Thursday, June 11, 2020

How Racial Disparity Does Not Help Make Sense of Patterns of Police Violence

nonsite |  But, when we step away from focus on racial disproportions, the glaring fact is that whites are roughly half or nearly half of all those killed annually by police. And the demand that we focus on the racial disparity is simultaneously a demand that we disattend from other possibly causal disparities. Zaid Jilani found, for example, that ninety-five percent of police killings occurred in neighborhoods with median family income of less than $100,00 and that the median family income in neighborhoods where police killed was $52,907.
What the pattern in those states with high rates of police killings suggests is what might have been the focal point of critical discussion of police violence all along, that it is the product of an approach to policing that emerges from an imperative to contain and suppress the pockets of economically marginal and sub-employed working class populations produced by revanchist capitalism.

There is no need here to go into the evolution of this dangerous regime of policing—from bogus “broken windows” and “zero tolerance” theories of the sort that academics always seem to have at the ready to rationalize intensified application of bourgeois class power, to anti-terrorism hysteria and finally assertion of a common sense understanding that any cop has unassailable authority to override constitutional protections and to turn an expired inspection sticker or a refusal to respond to an arbitrary order or warrantless search into a capital offense. And the shrill insistence that we begin and end with the claim that blacks are victimized worst of all and give ritual obeisance to the liturgy of empty slogans is—for all the militant posturing by McKesson, Garza, Tometi, Cullors et al.—in substance a demand that we not pay attention to the deeper roots of the pattern of police violence in enforcement of the neoliberal regime of sharply regressive upward redistribution and its social entailments.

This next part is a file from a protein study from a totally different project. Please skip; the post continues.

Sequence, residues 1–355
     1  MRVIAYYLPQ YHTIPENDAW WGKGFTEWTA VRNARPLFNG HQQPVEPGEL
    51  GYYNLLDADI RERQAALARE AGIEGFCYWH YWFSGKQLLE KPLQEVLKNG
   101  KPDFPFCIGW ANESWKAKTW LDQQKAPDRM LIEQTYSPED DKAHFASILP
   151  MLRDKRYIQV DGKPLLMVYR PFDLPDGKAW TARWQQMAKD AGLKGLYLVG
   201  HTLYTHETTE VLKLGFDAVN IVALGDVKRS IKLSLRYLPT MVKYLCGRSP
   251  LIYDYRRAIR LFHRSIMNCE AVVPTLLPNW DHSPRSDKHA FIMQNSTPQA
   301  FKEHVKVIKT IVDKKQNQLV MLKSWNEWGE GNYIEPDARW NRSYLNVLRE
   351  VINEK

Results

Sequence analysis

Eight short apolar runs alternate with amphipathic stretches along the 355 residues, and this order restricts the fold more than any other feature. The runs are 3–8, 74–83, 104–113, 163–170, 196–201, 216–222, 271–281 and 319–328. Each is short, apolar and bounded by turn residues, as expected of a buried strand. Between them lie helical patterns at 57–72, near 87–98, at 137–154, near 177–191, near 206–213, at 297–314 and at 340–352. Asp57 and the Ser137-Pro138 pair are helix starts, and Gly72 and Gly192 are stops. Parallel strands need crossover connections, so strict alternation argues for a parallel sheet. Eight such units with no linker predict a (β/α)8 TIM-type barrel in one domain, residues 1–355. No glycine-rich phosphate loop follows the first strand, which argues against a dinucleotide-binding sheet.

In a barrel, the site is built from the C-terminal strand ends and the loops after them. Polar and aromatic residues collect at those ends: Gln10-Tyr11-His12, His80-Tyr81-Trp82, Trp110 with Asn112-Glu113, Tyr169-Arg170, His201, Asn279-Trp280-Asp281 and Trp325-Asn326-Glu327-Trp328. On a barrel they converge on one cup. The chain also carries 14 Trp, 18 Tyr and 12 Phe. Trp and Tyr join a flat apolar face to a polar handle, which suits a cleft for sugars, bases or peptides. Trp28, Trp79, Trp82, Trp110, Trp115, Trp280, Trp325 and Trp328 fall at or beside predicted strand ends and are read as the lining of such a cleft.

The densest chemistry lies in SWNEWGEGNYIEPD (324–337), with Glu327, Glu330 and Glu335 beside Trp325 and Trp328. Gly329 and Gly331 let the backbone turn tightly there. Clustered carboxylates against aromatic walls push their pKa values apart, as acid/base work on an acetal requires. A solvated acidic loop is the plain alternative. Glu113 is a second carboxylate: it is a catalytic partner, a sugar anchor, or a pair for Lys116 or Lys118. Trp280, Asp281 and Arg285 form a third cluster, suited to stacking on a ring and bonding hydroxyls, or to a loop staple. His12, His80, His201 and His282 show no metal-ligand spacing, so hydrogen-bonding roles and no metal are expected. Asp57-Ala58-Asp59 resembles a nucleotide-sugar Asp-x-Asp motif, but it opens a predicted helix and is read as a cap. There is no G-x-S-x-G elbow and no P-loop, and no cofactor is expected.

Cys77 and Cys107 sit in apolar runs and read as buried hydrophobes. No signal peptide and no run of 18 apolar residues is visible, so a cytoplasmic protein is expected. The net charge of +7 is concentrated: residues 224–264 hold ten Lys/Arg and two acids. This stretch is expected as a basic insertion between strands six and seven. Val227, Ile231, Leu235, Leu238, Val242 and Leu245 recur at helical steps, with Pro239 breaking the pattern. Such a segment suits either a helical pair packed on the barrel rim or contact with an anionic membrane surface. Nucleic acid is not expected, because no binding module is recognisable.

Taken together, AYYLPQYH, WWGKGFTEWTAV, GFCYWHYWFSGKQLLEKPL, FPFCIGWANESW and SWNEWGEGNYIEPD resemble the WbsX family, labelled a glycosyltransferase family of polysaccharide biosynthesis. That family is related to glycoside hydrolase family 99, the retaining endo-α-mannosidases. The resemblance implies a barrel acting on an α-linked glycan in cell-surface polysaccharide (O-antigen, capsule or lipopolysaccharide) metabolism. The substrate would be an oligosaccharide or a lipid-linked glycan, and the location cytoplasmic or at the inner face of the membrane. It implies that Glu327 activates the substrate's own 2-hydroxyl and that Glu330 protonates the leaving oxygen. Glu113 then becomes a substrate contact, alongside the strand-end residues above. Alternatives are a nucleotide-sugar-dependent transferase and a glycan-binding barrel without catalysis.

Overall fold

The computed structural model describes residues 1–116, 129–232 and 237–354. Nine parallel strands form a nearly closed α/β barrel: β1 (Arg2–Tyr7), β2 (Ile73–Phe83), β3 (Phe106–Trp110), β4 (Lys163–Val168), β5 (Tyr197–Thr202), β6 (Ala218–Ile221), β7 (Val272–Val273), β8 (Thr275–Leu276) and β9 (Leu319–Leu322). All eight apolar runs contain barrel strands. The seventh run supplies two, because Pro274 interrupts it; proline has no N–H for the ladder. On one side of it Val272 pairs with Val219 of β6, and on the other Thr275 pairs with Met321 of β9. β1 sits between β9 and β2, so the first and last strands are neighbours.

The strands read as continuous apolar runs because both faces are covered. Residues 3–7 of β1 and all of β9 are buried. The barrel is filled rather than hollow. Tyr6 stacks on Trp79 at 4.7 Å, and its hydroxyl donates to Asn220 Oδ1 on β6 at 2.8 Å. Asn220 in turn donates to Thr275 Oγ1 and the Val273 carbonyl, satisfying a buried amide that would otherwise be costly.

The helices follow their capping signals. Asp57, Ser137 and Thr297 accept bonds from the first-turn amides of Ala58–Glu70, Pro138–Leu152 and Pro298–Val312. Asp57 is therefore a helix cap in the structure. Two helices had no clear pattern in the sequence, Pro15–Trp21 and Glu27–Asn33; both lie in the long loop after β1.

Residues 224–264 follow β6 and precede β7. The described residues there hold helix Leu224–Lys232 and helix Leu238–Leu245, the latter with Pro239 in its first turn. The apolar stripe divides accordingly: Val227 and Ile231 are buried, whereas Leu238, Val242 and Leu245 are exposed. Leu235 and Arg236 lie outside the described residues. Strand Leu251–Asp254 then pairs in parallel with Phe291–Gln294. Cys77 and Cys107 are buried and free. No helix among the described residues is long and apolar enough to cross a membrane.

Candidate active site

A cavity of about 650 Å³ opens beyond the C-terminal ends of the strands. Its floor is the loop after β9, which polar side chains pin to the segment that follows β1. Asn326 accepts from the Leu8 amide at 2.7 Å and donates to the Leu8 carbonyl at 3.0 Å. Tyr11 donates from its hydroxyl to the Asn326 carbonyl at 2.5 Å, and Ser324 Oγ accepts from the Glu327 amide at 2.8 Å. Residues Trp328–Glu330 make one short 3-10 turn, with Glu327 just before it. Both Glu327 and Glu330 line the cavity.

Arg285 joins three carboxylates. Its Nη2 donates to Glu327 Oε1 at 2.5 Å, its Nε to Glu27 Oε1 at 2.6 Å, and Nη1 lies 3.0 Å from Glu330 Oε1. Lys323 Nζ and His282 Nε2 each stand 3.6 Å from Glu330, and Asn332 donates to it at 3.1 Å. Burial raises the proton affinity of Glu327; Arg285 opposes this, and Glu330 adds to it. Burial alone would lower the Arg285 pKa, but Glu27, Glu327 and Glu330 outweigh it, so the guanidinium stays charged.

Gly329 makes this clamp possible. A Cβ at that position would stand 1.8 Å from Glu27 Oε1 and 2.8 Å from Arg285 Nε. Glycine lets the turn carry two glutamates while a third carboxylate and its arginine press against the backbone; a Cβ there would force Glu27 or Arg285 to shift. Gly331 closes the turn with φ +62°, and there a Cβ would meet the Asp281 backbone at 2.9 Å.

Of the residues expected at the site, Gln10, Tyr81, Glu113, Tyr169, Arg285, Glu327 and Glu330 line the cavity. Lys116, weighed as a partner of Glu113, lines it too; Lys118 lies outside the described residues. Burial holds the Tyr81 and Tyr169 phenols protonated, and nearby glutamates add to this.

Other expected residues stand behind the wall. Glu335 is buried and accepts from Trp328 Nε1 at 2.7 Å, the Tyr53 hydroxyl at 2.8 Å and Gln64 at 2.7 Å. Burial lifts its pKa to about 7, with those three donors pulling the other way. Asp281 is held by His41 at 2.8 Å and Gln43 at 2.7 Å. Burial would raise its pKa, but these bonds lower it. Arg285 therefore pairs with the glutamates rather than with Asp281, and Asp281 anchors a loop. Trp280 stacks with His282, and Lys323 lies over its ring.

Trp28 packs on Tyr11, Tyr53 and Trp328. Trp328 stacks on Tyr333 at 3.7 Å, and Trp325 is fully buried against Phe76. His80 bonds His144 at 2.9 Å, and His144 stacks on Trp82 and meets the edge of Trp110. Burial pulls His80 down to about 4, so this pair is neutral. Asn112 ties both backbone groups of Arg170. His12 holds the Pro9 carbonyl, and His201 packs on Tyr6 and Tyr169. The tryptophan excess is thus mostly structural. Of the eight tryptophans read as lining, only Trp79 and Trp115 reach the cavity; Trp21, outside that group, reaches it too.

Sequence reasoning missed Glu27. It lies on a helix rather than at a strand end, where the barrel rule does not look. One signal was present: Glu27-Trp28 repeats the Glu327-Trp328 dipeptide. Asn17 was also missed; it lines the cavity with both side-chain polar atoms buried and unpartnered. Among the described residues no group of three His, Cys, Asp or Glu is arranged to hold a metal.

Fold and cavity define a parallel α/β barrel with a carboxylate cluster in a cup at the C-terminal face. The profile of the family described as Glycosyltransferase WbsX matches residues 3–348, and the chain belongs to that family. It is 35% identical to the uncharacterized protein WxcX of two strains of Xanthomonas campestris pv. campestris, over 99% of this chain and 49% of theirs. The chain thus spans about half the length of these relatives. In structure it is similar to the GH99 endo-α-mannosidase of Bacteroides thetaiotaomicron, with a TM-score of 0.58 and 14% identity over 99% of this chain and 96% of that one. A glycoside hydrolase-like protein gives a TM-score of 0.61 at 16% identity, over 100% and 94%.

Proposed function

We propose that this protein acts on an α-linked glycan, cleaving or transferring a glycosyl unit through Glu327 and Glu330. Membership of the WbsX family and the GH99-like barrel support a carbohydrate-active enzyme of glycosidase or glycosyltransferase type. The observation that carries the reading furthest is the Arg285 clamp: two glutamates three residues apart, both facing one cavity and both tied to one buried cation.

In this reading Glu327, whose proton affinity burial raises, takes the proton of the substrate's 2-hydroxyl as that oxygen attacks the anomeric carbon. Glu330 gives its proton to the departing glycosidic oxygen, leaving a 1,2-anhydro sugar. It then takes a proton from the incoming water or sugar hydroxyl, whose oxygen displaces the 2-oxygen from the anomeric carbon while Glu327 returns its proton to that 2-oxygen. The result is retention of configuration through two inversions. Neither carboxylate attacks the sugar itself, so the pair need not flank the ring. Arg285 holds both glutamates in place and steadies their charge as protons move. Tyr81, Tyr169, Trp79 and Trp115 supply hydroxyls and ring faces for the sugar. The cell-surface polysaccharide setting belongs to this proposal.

I’m not much given to autobiographical writing, least of all as a mechanism for establishing interpretive authority, even though I recognize that that pre-Enlightenment ploy has become coin of the realm for the “public intellectual” and blogosphere bloviator stratum.
I’m still not going to natter on about my racial bona fides; I’ll leave that domain to the likes of Mychal Denzel Smith and Ta-Nehisi Coates, for whom every sideways glance from a random white person while waiting on line for a latt√© becomes an occasion for navel-gazing lament and another paycheck. (A historian friend has indicated his resolve, when white colleagues enthuse to him about Coates’s wisdom and truth-telling, to ask which white college dropouts they consult to get their deep truths about white people.) I just wanted to anticipate the reaction and make clear that I recognize it for the cheesy move that it is.